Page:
For anyone who has labored to put together an outfit in the morning, here's some vindication: What you wear impacts how people see you, and how you see yourself. Yes, getting dressed matters — and in ways that might surprise you.

Of course, it's not hard to understand the impact of dressing formally — or conversely, of going out in your pajamas — and how that makes you feel and act differently. But there are some interesting aspects of our personalities that our clothes can uncover, and surprising subtexts that we may be revealing when we don't intend to. 

Red matters. Yes, red is an impactful color. The plethora of corporate logos that use this dominant color is evidence enough to back up the premise. But red has some specific uses beyond just calling attention. In non-human primates — and, researchers have found, humans too — red is attractive to the male species. Studies have shown that a woman wearing red is more attractive and sexually desirable to straight men. So that advice to wear red on a date is legit (if you're a heterosexual lady, that is). The best part is that men just think you're attractive, not that the color you're wearing has enticed them. According to a 2008 study, "Men seem unaware of this red effect, and red does not influence women’s perceptions of the attractiveness of other women, nor men’s perceptions of women’s overall likability, kindness, or intelligence."

I've definitely found this to be true. The only times I've been randomly asked out by strangers were twice when I was wearing the same red dress (which was not particularly racy) and another time when I was wearing a red T-shirt. And here I just thought that I looked particularly good in red! Hint: Everyone looks good in red.

Black and blue are sending a message too. Black and other dark clothing indicates neuroticism, according to Sam Gosling's book, "The Science of Sin." (All of New York City is chuckling and thinking "duh" right now as they make a note to tell their therapists this one. I'm from a long line of native New Yorkers, so I can make fun.)

young man wearing white lab coatDressing the part makes a difference. Sure, the old saying, "dress for the job you want, not the one you have," seems like a sensible visual way to affect your perception by the people around you. But how you dress also affects someone more important — you. In an article in the Journal of Experimental Social Psychology, researchers found that regular people who dressed in a lab coat did tasks more conscientiously than those in their everyday clothes.

Scientists called this idea "enclothed cognition" and explained it as: "... the co-occurrence of two independent factors – the symbolic meaning of the clothes and the physical experience of wearing them." This totally explains the year I spent wearing a uniform when I was attending a private school when I lived abroad. I remember the uniform making me feel as if I was just like everyone else — and I definitely didn't feel that way inside, so it was upsetting to me. I also had a really hard time wearing a business suit when I was younger and interviewing for jobs. Now I know my feelings were legitimate.

Dressing unconventionally = Open to new things. This is also from Gosling. File this one under the "tell me something I don't know" category, right? But if I'm personally trying to bring the caftan or muumuu back, does that make me totally out there? (It's OK if you say yes!)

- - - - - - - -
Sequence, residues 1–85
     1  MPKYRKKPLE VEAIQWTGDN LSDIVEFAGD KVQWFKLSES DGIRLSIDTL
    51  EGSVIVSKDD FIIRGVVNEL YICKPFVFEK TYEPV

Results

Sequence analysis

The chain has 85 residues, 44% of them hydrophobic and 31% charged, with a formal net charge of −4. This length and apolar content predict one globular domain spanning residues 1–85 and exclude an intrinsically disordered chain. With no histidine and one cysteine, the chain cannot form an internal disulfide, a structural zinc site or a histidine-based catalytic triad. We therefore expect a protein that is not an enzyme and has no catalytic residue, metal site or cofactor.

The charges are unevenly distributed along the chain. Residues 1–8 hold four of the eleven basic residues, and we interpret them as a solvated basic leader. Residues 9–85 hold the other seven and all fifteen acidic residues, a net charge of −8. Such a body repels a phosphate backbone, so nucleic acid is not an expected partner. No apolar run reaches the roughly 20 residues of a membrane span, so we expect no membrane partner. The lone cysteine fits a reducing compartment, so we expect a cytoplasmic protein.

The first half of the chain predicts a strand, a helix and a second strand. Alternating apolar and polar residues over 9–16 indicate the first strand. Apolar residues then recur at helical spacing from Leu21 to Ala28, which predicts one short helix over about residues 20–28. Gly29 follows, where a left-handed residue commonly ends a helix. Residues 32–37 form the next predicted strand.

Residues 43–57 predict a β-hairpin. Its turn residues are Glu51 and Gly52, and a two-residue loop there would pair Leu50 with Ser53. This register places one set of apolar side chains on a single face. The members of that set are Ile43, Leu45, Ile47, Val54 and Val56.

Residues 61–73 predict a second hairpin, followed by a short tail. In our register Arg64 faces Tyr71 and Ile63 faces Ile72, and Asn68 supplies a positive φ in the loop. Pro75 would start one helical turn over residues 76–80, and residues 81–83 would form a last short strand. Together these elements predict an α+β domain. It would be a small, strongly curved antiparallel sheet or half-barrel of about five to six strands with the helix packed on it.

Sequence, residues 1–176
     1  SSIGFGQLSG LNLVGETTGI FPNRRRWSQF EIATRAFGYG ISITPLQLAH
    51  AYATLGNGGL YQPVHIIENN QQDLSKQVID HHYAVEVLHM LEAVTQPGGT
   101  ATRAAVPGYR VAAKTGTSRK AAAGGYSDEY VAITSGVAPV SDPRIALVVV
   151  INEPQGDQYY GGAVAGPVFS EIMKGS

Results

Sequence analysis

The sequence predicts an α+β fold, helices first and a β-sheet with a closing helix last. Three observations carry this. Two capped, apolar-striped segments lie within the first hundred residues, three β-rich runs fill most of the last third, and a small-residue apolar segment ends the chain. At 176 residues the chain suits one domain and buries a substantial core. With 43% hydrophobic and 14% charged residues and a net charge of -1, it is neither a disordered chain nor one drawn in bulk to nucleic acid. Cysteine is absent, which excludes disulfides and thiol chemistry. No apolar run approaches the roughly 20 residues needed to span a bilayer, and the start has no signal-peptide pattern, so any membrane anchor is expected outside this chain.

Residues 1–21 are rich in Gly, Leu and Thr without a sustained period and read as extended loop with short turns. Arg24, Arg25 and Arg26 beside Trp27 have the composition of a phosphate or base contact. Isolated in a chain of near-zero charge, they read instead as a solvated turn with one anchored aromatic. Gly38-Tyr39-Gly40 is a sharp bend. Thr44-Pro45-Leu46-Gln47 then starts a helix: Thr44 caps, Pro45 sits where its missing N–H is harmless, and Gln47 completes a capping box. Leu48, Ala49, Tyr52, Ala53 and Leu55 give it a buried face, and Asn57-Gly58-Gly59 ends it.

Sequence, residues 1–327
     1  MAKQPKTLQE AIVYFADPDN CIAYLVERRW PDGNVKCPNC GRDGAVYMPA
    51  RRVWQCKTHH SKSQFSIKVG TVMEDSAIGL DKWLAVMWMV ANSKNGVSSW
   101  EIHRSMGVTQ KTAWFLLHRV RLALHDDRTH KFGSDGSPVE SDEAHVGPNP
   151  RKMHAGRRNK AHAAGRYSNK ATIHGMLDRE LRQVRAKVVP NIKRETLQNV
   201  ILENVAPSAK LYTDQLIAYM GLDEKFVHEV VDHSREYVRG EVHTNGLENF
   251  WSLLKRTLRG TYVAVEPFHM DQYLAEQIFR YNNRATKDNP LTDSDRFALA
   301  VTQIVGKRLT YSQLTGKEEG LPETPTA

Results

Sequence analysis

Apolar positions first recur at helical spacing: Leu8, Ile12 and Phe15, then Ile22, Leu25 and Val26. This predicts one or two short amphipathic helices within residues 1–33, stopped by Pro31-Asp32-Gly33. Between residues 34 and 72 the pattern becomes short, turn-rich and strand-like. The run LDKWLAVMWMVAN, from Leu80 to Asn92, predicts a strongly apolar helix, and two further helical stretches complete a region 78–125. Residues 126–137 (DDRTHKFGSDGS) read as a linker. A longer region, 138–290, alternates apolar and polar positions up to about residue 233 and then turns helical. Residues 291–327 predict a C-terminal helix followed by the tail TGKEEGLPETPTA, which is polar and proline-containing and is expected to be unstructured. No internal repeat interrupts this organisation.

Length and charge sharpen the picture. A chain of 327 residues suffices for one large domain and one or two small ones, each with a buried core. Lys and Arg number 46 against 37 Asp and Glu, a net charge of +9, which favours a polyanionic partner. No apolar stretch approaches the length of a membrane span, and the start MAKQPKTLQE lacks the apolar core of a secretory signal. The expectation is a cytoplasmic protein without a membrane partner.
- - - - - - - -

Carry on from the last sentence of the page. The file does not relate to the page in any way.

Dressing young to feel young. To the horror of teenagers everywhere who hate when a parent dresses like they do, dressing younger makes you feel younger, look younger and even affects your health. Although, to be fair, there is a lot less division between "older people's clothes" and "young people's clothes" than there used to be, so this might be less true if we continue in the direction we have been headed in the last decade.

According to research gathered in Perspectives in Psychological Science, the following points are also true:

  • Women who think they look younger after having their hair cut and/or colored show a drop in blood pressure and they look younger in photographs (even when their hair is cropped out) to independent raters.
  • Baldness triggers old age. Men who bald prematurely see an older self and therefore age faster: Prematurely bald men have an excess risk of getting prostate cancer and coronary heart disease than do men who do not lose their hair prematurely.
  • Women who have children later in life are surrounded by younger age-related cues: Older mothers have a longer life expectancy than do women who bear children earlier in life. Large spousal age differences result in age-incongruent cues: Younger spouses live shorter lives and older spouses live longer lives than do controls. 
Glasses make you look smart, but less attractive. The stereotype, in this case, is true (at least when it comes to perception). From a Swiss Journal of Cognition study in 2011: "Eyeglasses generally directed observers’ gaze to the eye regions; rimless glasses made faces appear less distinctive and resulted in reduced distinctiveness in matching and in recognition tasks. Moreover, the stereotype was confirmed but depended on the kind of glasses — rimless glasses yielded an increase in perceived trustworthiness, but not a decrease in attractiveness. Thus, glasses affect how we perceive the faces of the people wearing them and, in accordance with an old stereotype, they can lower how attractive, but increase how intelligent and trustworthy people wearing them appear. These effects depend on the kind of glasses worn."

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Lab coat photo: /Shutterstock

Starre Vartan ( @ecochickie ) covers conscious consumption, health and science as she travels the world exploring new cultures and ideas.